“The clue to many contrasts in British geography,” wrote the geographer Halford Mackinder in 1902, “is to be found in the opposition of the south-eastern and north-western — the inner and outer faces of the land. Eastward and southward, between the islands and the continent, are the waters known to history as the Narrow Seas; northward and westward is the Ocean.” The happy conclusion he drew from this is that Britain has the best of both: “as liberty is the native privilege of an island people, so wealth of initiative is characteristic of a divided people.”
Tradition divides Britain diagonally, demarcating the south/east from the north/west, and imputes great significance to the contrast between these regions in the composition of British identity. For some, the tension between the two is creative, and Britain’s ingenuity benefits from facing both the Atlantic and Europe. Celtic was the term coined in the eighteenth century for the Atlantic-facing arc of Scots, Welsh, Manx and Irish…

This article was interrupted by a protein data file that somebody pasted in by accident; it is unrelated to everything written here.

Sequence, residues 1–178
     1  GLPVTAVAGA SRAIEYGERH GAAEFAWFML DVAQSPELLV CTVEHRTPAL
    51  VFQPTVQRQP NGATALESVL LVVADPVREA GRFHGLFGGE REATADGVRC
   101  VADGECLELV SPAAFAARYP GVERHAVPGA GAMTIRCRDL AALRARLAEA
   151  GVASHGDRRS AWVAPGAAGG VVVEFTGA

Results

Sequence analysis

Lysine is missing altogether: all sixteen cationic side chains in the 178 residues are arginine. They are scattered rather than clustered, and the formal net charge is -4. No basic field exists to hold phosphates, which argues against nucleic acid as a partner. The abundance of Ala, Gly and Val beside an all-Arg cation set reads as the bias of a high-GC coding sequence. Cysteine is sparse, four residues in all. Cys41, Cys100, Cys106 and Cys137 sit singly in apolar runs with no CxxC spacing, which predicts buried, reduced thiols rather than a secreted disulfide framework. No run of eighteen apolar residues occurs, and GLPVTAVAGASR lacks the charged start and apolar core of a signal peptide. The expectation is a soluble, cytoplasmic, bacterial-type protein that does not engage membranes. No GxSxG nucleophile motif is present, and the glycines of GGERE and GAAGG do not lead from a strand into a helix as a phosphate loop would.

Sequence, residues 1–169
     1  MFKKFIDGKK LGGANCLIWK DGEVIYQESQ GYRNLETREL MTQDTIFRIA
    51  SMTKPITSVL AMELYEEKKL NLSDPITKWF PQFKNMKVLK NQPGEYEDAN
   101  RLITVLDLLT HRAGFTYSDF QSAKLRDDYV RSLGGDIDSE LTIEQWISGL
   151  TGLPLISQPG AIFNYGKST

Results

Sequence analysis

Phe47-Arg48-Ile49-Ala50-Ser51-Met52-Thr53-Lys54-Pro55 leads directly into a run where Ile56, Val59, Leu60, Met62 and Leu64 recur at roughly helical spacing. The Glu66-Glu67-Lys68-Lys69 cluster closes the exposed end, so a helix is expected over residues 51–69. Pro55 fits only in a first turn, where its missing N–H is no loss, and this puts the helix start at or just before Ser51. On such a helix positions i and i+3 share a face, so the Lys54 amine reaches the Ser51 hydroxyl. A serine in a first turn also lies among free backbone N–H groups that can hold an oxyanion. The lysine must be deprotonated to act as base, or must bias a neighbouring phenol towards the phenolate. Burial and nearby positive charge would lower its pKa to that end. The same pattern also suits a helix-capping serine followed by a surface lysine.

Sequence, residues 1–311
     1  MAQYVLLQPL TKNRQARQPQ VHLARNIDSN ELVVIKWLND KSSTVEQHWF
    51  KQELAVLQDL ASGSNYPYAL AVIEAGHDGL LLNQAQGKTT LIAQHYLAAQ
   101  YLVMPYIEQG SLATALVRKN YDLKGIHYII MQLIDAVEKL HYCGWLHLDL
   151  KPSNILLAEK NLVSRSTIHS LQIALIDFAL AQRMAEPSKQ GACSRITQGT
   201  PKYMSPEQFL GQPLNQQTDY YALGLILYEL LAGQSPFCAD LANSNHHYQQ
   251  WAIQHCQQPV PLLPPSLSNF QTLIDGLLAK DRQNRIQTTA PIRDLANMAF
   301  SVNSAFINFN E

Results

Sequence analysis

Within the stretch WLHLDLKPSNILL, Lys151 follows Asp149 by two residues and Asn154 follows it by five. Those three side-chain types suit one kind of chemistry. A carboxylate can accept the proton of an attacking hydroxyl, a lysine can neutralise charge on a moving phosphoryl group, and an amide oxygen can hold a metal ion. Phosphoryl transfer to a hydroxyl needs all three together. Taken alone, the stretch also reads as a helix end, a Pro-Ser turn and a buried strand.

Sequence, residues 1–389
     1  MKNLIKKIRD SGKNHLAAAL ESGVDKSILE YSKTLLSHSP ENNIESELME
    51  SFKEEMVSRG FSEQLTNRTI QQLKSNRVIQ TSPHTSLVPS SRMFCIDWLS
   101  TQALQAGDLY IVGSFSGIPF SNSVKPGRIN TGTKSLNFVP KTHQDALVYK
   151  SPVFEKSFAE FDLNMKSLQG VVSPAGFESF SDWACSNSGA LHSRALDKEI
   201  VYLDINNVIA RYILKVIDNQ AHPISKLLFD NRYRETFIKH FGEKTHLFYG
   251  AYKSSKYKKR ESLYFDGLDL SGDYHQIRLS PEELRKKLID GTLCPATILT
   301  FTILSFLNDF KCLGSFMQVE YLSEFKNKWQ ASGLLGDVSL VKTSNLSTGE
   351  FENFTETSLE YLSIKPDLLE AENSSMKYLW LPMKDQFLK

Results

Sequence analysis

This is of note:
Since 1821 the population of the Celtic arc of the north and west has declined as a proportion of the population of the United Kingdom, from 46 per cent in 1831, to 20 per cent in 1911, to 16 per cent in 2014, due to famine, independence and emigration. This is a configuration of the country which we have been losing for nearly two centuries.
That is from the rewarding Love of Country: A Hebridean Journey, by Madeleine Bunting.